A column chronicling conversations and events on the awards circuit.

It’s party time in Hollywood as the town awaits the opening of the envelopes — hopefully the correct envelopes this time. And it looks like Bonnie and Clyde might be getting another chance.

For the 90th anniversary of the Academy Awards, it appears producers Mike De Luca and Jennifer Todd are going to have a considerable number of past winners on the show including announced presenters Eva Marie Saint, Rita Moreno, Christopher Walken, Sandra Bullock, Matthew McConaughey, Jane Fonda, Jodie Foster, Nicole Kidman, Helen Mirren and of course last year’s winners Emma Stone, Mahershala Ali and Viola Davis — but not Casey Affleck, who took himself out of the picture because past sexual harassment allegations inevitably would cloud his participation in light of the heavy #MeToo and #TimesUp focus this year.

These are just the names announced so far, but it appears the Academy might be repeating the idea from the 2009 Bill Condon/Lawrence Mark-produced show that brought out quintets of past acting winners to present in those categories. It was brilliant. I hope they are copying the idea.

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Saint, who is 93 and won Supporting Actress for 1954’s On the Waterfront and gave birth to her son a couple of days later, is keeping the whole thing secret (clearly on orders from the producers) but is simply saying we will have to tune in to find out why she is there this year (she took part in the group giveaway in 2009). For the 70th anniversary in 1998, the Academy rolled out bleachers full of past winners for a class photo op, and that kind of thing also could be in play, but the Academy has announced all of the above as presenters. Two names not announced are last year’s memorable Best Picture presenters Warren Beatty and Faye Dunaway, but TMZ and its intrepid stalkers say they were spotted being whisked into the Dolby Theatre for rehearsal on Thursday and will be presenting Best Picture for a second consecutive year

According to the website, one of the lines Beatty rehearsed was announcing Gone with the Wind as this year’s winner, but its report says writers still are working on their exact lines. When I asked producer Todd in May after she and De Luca were tapped to return as producers about this possibility she simply said: “I mean, you can’t not think about it. I think anything is up for grabs at this point, but we’ll see.” She was similarly coy on GMA on Thursday when she was asked the same question and said, “It’s an interesting idea.” It certainly would be the right call. We will see soon enough about all of this, but I can’t help but speculate. It’s what I do.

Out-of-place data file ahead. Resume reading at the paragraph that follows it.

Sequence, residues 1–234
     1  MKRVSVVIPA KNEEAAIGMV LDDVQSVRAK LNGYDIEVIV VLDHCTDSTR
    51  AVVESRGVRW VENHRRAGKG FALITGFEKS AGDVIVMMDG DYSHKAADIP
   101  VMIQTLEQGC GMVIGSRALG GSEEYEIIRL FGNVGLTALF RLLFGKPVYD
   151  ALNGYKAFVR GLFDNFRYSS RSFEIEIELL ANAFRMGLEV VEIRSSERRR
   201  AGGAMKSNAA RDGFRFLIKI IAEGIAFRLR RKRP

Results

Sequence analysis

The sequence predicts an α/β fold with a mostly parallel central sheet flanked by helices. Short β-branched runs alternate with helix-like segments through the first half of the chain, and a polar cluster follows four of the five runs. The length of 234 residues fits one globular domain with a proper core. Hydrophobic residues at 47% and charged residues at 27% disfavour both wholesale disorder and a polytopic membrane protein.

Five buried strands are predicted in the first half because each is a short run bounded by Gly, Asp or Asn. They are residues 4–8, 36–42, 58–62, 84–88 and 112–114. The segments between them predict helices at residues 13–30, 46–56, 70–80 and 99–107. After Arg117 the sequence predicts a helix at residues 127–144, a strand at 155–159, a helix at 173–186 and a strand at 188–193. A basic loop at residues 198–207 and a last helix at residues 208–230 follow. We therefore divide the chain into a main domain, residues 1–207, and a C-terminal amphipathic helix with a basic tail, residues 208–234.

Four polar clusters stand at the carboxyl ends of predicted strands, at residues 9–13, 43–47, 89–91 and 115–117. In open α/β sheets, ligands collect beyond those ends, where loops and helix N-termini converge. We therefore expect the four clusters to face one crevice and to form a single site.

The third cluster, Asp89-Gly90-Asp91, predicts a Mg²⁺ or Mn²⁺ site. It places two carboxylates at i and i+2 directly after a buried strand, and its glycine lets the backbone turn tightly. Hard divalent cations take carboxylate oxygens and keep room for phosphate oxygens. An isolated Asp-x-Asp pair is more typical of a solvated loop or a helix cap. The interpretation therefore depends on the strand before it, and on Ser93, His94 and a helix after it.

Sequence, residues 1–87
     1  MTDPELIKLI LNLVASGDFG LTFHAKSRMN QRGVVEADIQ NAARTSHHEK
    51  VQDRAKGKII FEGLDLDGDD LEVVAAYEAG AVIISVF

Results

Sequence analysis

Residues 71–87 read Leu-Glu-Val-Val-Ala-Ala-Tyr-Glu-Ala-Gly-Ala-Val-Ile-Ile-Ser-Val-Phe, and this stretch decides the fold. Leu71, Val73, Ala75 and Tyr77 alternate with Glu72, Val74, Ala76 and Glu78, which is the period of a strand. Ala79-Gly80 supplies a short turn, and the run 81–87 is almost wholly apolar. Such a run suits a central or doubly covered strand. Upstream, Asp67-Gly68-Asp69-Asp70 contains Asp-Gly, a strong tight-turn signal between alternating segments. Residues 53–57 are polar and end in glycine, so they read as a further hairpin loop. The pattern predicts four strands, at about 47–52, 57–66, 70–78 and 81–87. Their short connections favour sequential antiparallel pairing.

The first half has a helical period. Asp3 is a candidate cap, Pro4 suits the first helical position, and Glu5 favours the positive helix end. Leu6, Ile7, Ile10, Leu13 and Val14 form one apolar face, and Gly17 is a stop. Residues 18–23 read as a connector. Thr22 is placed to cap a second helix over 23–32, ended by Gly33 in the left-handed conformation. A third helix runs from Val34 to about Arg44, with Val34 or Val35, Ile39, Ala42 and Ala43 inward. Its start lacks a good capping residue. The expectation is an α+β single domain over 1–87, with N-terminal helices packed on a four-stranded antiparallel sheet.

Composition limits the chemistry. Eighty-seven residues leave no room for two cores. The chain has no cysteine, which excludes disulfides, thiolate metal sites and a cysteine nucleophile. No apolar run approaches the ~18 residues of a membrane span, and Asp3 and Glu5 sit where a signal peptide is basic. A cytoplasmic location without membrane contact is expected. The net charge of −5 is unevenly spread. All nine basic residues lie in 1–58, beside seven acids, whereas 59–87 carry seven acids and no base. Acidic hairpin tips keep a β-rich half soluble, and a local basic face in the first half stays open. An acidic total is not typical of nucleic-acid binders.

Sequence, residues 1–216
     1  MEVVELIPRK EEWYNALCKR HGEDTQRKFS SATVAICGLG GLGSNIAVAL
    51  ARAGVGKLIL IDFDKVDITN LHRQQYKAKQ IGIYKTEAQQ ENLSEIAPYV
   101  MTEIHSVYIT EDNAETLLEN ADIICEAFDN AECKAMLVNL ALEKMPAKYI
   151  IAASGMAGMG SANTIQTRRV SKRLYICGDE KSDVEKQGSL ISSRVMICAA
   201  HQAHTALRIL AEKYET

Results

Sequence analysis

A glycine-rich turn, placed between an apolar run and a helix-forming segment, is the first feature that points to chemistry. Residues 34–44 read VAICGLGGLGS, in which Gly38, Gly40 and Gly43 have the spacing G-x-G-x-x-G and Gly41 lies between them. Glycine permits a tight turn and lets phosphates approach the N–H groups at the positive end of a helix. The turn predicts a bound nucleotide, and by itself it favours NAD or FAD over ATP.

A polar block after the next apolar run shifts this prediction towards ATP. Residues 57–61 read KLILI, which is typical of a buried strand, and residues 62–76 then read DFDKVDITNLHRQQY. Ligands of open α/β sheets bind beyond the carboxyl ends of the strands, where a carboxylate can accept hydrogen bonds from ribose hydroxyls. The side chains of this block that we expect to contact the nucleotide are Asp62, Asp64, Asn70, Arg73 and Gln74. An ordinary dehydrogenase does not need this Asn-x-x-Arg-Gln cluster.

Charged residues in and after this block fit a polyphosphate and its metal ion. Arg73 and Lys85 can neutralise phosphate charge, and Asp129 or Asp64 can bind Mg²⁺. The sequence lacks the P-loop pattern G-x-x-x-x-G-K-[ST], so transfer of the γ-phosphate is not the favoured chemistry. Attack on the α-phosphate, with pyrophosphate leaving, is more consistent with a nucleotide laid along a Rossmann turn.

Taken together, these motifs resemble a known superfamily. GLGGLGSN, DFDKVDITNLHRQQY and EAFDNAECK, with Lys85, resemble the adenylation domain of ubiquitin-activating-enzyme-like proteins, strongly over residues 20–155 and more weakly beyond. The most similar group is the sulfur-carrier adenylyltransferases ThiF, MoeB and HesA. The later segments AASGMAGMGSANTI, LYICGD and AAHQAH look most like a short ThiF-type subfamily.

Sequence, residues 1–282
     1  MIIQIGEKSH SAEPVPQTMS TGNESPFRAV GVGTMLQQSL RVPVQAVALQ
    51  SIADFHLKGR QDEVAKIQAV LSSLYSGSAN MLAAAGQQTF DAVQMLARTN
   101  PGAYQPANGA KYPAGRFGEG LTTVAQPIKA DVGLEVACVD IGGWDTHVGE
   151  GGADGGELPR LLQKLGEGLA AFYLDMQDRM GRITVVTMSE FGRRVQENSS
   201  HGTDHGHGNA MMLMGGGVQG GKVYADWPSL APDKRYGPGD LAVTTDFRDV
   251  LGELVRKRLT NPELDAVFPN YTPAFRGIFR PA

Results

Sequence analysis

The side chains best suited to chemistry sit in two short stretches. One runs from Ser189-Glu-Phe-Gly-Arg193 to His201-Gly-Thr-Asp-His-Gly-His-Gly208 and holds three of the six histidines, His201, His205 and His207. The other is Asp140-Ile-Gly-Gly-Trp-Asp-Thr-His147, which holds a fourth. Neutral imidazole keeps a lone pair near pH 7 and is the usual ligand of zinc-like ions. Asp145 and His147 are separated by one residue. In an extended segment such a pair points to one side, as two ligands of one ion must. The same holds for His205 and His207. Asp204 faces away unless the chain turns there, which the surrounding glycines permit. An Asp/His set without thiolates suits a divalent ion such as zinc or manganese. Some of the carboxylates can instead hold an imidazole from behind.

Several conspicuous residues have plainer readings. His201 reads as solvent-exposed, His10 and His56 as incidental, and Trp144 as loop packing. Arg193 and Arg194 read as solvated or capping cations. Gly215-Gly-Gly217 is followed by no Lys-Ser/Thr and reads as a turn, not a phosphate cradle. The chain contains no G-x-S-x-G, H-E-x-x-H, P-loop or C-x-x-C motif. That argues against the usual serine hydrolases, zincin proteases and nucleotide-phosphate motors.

AN OSCAR CONCERT FOR THE AGES

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But no matter what they and host Jimmy Kimmel have cooked up for the show, it will have a tough act to follow after the thrill of Wednesday night’s Oscar Concert at Disney Hall, where the best (musical) notes on the season took place this week just to rev up Oscar mania one more notch. This event put on by the LA Phil in conjunction with the Academy itself was beyond compare, superior in every way to the previous — and only — time they tried this in 2014 at Royce Hall, which had great music but was bogged down by conversation. Not this time.

Academy music branch governors Michael Giacchino, Laura Karpman, and Charles Bernstein curated the evening even as Bernstein was celebrating his 75th birthday, and what a gift he delivered. They kept the emphasis on the music, and the SRO audience couldn’t get enough of it. It was flawless, and quite frankly the Academy ought to take it on the road. It is something they seem to be contemplating, at least the idea of doing this again and not just because it’s the milestone 90th anniversary this year. “Movie music needs to be more celebrated like this,” an obviously pleased Academy President John Bailey told me right after the show broke.

In fact this new partnership between the two organizations is going to result in the LA Philharmonic hitting the Oscar stage next year for the 91st. New LA Phil CEO Simon Woods, along with Bailey, made brief remarks at the Founders Room afterparty, where it clearly was a love-in. Academy CEO Dawn Hudson told me that when the idea was broached she suggested making a call to LA Phil, even though she thought it was a long shot at best. Twenty-four hours later, however, the talks were on and it produced an evening no one who was there is going to forget anytime soon.